By Balazs Koranyi
BEIJING (Reuters) – [More pictures] World record holder Kenenisa Bekele reasserted Ethiopia’s dominance over the 10,000 meters when he retained his Olympic title on Sunday in what he hopes will be the first leg of a long-distance double.
After tracking the lead for most of the race, Bekele let rip over the last 400 meters to finish well clear of team mate Sileshi Sihine, who also got silver behind him in Athens. Micah Kogo snatched bronze for Kenya.
“This is very special, it’s a big gift,” a radiant Bekele said. “It’s my second time to win Olympic gold (that is why) it is special.”
When asked if he thought any of the Kenyan challengers stood a chance, he said: “no chance at all.”
Bekele’s time of 27 minutes 1.17 seconds was an Olympic record, bettering the time he set in 2004.
With either Kenyans or Ethiopians dictating a brisk but not blistering pace, the lead pack slowly shed runners throughout the race. Only seven, including all three Kenyans and Ethiopians started the final two laps together.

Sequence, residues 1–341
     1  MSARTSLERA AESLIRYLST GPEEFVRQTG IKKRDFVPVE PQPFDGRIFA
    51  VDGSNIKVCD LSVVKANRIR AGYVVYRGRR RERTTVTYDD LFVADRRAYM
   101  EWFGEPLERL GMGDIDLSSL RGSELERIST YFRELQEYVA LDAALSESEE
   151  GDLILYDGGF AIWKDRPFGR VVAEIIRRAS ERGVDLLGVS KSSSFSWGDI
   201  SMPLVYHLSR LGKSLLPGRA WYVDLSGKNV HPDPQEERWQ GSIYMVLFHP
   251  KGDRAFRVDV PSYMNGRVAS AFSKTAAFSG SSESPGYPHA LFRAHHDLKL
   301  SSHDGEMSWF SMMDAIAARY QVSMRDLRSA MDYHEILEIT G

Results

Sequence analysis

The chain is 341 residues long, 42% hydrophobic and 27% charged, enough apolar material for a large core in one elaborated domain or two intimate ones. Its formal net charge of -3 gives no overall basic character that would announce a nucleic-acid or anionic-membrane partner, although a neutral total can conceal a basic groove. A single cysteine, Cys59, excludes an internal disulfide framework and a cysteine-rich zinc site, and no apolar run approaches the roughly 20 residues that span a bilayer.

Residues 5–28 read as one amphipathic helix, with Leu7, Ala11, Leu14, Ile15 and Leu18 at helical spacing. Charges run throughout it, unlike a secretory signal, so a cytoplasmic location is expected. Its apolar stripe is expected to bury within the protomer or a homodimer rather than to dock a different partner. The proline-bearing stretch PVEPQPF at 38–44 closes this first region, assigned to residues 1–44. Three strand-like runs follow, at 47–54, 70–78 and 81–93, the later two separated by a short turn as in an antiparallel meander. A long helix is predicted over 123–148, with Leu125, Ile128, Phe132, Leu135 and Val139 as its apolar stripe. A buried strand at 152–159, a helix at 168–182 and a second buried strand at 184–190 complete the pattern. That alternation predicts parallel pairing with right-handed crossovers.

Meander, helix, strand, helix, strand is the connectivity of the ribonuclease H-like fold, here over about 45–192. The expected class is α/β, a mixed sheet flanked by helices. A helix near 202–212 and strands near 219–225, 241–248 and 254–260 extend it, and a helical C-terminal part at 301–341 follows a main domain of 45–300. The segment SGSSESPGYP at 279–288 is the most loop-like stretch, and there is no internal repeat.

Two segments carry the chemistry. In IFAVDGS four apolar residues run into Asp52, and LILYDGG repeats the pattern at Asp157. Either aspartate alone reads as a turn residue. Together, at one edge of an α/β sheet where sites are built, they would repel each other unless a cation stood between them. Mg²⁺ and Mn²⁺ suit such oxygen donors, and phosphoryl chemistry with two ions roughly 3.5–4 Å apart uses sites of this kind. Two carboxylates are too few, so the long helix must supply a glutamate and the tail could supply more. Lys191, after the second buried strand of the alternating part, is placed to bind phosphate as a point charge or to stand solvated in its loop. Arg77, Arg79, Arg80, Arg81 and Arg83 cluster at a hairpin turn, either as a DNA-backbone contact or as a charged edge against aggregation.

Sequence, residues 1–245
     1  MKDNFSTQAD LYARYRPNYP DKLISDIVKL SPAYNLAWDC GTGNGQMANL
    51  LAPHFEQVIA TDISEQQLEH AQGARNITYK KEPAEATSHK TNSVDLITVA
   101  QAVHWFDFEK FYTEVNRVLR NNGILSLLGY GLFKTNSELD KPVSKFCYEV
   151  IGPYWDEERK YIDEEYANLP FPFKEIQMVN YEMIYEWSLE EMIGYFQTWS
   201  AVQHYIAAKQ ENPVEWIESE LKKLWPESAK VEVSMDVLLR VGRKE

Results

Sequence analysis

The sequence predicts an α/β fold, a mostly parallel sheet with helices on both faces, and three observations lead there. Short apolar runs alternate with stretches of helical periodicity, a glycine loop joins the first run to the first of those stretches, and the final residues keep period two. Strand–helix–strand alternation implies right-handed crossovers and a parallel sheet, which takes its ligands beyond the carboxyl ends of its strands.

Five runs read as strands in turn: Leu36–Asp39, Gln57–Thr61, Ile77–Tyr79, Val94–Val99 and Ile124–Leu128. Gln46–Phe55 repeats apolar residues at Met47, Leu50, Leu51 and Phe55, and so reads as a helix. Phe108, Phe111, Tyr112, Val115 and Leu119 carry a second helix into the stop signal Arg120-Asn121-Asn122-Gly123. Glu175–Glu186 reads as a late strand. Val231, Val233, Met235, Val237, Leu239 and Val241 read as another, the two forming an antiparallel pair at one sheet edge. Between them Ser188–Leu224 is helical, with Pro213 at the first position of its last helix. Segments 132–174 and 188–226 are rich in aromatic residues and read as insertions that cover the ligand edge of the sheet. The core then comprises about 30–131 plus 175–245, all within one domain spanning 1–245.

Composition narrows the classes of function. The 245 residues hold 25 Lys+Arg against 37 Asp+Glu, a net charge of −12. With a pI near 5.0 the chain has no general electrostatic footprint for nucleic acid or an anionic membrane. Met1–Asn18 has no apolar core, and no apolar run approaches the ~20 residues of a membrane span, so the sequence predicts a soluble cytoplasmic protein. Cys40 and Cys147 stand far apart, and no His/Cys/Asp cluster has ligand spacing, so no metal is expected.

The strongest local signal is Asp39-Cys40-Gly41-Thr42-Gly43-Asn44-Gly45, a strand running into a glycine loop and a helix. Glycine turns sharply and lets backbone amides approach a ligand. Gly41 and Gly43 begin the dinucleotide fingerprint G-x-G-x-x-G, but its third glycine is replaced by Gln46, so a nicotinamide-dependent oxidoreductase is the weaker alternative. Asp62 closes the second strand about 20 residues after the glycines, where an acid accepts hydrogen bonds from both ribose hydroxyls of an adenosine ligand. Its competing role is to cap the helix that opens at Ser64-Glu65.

The rapid closing burst was too much for Ethiopia’s Haile Gebrselassie, whose bid for a third gold after triumphs in 1996 and 2000 failed when he fell back to sixth in the final 200 meters.
“The only problem I have is that last 200 meters, I don’t do enough training, I need more speed work,” the Ethiopian said.
Gebrselassie, the marathon world record holder, has focused on the longer event in recent years but opted for the 10,000 in Beijing due to fears over air pollution.
“Of course today was nice weather, but what about tomorrow, and next week?” he said.
Gebrselassie said that Beijing would not be his last Olympics and he plans to compete in 2012 in London, in either the 10,000 or the marathon. In the near future, the 35-year-old will be focusing on the marathon.
Bekele will be back in action on Wednesday, in the first round of the 5,000 meters and will seek his second gold in next Saturday’s final.
East African runners took the top seven places in Sunday’s race and only Eritrea’s Zersenay Tadese, who finished fifth, managed to disrupt the Ethiopian-Kenyan duel.
“It was very difficult for me. I pushed the race very hard but
(Bekele) broke away and I didn’t respond,” bronze medalist Kogo told reporters.
(Additional reporting by John Chalmers, Gene Cherry, Martin Petty and Lee Chen)
(Editing by Ed Osmond/Keith Weir)